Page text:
Security is a process, not a state. CIOs need to ensure that their enterprise has the right balance between security risks, dollars and defences.
Decades ago, a reporter asked the notorious American bank robber Willie Sutton why he robbed banks. He replied, “Because that’s where the money is.” Now the money (and valuable information) is in computers and computer networks.
The events of September 11, 2001 have exacerbated fears of “cyber terrorism,” but even before those attacks, the trend in computer crime was up at all levels – from vandalism to for-profit crimes.
My EXP colleague, Richard Hunter, author of the insightful and controversial book ‘World Without Secrets’, recently headed a team working on the challenge of ‘how much information security is enough?’ They concluded that people and process are the biggest issue, not technology.
Here are some things to keep an eye on.
Insiders are the biggest threat
Historically, insiders have been responsible for the vast majority of loss-bearing digital security breaches. Such losses can’t be eradicated, but they can be reduced by scrutinizing staff.
Know and verify a person’s background. In 1994 the American Cancer Society of Ohio hired an employee with three undisclosed felony convictions for theft and fraud. By 2001 that employee had risen through the IS department to become CFO and had stolen $US 7 million.
Train personnel to be aware of security policies and their responsibilities. Repeat the training regularly. Ensure that security policies are being properly implemented.
Tie access rights to defined roles or positions. Set explicit and public limits, monitor and follow up with investigations when limits are exceeded.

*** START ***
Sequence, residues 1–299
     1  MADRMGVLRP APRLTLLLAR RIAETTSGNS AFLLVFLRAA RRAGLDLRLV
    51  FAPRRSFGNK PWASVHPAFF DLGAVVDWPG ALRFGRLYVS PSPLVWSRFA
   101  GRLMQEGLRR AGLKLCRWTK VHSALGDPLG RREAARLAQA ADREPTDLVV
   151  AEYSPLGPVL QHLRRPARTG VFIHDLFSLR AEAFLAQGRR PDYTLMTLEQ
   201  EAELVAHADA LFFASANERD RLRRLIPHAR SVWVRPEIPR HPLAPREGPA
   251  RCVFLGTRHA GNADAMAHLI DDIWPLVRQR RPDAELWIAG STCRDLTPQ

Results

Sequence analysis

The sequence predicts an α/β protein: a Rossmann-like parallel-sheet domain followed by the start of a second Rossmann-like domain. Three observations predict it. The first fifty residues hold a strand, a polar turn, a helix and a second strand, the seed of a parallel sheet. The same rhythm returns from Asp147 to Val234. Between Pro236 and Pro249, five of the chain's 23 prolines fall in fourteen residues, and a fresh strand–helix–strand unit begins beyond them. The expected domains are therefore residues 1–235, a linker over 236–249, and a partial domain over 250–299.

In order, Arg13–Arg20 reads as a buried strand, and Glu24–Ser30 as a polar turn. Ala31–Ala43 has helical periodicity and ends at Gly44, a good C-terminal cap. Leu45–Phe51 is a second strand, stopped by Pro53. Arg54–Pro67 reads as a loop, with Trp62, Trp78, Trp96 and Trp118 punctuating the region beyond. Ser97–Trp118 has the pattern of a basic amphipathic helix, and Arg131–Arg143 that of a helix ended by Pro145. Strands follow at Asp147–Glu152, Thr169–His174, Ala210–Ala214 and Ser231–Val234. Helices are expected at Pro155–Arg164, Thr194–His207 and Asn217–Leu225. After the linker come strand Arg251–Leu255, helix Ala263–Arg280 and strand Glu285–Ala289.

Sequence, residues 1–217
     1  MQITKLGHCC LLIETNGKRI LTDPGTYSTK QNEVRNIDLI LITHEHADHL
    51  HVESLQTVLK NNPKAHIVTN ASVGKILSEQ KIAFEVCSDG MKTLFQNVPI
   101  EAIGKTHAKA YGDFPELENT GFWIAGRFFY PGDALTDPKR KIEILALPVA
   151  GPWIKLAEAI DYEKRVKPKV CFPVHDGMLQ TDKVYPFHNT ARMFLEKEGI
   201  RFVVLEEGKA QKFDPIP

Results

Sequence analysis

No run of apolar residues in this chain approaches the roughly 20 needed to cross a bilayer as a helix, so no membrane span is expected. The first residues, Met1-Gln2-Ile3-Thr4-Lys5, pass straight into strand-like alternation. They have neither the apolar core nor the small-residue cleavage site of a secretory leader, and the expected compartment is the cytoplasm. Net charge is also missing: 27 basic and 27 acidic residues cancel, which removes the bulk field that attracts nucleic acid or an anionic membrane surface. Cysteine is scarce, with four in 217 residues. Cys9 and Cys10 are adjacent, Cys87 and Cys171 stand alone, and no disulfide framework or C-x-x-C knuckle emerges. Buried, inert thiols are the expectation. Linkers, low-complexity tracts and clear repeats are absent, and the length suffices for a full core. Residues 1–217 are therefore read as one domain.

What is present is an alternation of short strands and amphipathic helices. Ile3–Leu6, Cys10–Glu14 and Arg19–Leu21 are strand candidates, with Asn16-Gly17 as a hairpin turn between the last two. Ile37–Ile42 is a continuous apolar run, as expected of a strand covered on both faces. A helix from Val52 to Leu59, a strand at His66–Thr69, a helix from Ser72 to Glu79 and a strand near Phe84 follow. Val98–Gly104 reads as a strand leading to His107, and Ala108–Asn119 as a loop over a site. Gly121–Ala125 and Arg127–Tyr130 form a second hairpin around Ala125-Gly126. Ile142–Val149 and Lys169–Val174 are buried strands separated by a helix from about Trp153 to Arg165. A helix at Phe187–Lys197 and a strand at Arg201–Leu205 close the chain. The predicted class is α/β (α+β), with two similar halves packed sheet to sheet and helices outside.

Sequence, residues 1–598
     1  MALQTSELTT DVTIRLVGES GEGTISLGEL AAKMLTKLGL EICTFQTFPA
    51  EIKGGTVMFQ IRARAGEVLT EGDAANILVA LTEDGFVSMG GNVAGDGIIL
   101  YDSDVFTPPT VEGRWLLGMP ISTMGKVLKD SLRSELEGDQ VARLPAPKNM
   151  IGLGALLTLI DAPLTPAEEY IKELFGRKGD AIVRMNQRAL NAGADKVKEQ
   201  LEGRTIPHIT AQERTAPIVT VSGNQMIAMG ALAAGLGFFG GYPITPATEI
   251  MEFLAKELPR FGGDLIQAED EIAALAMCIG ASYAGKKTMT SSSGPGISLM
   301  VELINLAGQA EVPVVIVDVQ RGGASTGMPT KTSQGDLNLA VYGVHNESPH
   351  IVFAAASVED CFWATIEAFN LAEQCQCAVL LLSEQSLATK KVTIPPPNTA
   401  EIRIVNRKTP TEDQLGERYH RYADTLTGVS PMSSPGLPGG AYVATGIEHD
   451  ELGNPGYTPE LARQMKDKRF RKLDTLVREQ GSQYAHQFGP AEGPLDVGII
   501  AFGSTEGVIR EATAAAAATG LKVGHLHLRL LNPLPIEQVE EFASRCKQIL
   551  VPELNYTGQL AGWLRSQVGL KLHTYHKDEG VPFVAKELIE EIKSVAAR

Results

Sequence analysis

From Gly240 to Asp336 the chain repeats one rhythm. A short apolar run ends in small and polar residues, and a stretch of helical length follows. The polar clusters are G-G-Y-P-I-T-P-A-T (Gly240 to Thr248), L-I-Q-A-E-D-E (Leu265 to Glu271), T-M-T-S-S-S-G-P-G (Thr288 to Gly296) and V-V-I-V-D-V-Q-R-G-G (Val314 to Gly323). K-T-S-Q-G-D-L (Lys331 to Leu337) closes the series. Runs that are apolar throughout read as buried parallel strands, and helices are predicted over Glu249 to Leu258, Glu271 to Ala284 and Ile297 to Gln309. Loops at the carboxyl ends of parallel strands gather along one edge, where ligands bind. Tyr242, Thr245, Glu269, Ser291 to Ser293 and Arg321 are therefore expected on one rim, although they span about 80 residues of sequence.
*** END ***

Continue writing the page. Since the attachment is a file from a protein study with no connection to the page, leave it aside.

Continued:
Draw on specialist security organizations to provide advice and support.
Implement a formal security policy
A security policy is a set of business rules that represent the enterprise’s tolerance for risk and the security measures that enforce that stance.
Policies should be based on industry standards, such as COBIT or ISO 17799.
Evolve the security architecture
Enterprise security has historically been based on the “fortress” model: static and undifferentiated, difficult to change, location-specific and reliant on a very few mechanisms (strong walls and a locked gate).
The emerging “airport” security model is more flexible and situational, with multiple zones of security based on role.
Point-to-point “dynamic trust” is the future model for a highly networked world. It requires point-to-point authentication and trust, from any user on the network to any other user.
All three models are responses to specific risks and eras. The fortress worked in the mainframe era. The airport model works for most enterprises now. The point-to-point model is required for a world where high levels of commerce are conducted wirelessly, anywhere, anytime.
Measure security effectiveness
Without metrics, enterprise digital security runs blind. Measures should include types of attacks (both successful and unsuccessful), perpetrators (if known), targets of attacks, effectiveness and per-incident cost of defences and losses attributed to attacks.
Balance risks and defences
First, analyze targets and threats. Identify and value the assets that may be at risk – business processes, markets and databases – in terms such as loss of revenue or market share. Translate intangibles, such as loss of reputation, to economic terms by estimating the effect on sales and retention, regulatory penalties or fines.
Second, calculate the annual risk for each attack scenario. The result of this phase is a prioritized list of your risks.
Third, identify a prioritized set of risks and how these can be addressed.
Track industry spending norms
Industry norms for security spending and staffing provide an initial sanity check on total defence costs. Gartner research forecasts that industry-wide spending on security will grow to 5.4 per cent of IT budgets in 2003 (from 4.3 per cent in 2002 and 3.3 per cent in 2001).
Continuously monitor security arrangements
By the end of 2004, Gartner believes that 75 per cent of enterprises will be required to provide security status information to multiple government agencies. Enterprises with immature security programs will spend up to 15 per cent of their security budget to comply.
Even absent regulatory requirements, Gartner estimates that the cost to mitigate the damage from a successful attack is at least 50 per cent higher than the cost to prevent it. It’s best and cheapest in the long run to develop a capable program before being forced to act by legislation.
Dr. Marianne Broadbent is Group Vice President and Global Head of Research for Gartner’s Executive Programs.